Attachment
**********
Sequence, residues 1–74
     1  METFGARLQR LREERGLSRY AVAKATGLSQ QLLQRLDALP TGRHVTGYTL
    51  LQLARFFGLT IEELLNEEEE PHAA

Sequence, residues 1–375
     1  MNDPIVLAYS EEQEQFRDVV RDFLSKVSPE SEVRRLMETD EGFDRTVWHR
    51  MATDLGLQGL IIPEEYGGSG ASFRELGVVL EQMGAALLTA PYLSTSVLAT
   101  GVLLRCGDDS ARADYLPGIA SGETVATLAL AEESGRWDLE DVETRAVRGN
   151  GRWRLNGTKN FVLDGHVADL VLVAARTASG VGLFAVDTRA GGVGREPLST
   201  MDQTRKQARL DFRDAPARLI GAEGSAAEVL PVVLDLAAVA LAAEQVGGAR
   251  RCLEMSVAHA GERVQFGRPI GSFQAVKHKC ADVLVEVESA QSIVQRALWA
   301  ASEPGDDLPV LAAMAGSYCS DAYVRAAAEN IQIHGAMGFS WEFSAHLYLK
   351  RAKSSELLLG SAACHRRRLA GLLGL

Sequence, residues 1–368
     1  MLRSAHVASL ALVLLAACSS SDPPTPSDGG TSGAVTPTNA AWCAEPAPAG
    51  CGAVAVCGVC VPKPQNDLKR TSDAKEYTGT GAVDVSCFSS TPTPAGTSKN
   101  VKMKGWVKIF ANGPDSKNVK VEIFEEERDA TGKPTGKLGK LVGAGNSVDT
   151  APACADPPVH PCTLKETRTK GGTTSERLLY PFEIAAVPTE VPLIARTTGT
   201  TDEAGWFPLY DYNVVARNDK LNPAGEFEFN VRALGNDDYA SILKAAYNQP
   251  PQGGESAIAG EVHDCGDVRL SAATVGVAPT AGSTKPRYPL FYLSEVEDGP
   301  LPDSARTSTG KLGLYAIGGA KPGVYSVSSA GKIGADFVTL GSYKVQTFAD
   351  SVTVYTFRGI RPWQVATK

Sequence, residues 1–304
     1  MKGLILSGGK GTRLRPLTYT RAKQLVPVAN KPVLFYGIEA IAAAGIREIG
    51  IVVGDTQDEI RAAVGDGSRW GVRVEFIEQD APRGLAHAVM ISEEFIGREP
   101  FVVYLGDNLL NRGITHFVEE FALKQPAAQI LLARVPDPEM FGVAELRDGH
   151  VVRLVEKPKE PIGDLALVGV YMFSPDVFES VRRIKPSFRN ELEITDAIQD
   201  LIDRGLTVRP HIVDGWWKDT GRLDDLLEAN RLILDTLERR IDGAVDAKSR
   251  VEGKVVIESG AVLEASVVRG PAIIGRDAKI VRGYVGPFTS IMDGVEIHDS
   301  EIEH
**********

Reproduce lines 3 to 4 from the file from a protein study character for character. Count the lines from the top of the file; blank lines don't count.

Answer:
    51  LQLARFFGLT IEELLNEEEE PHAA

Sequence, residues 1–375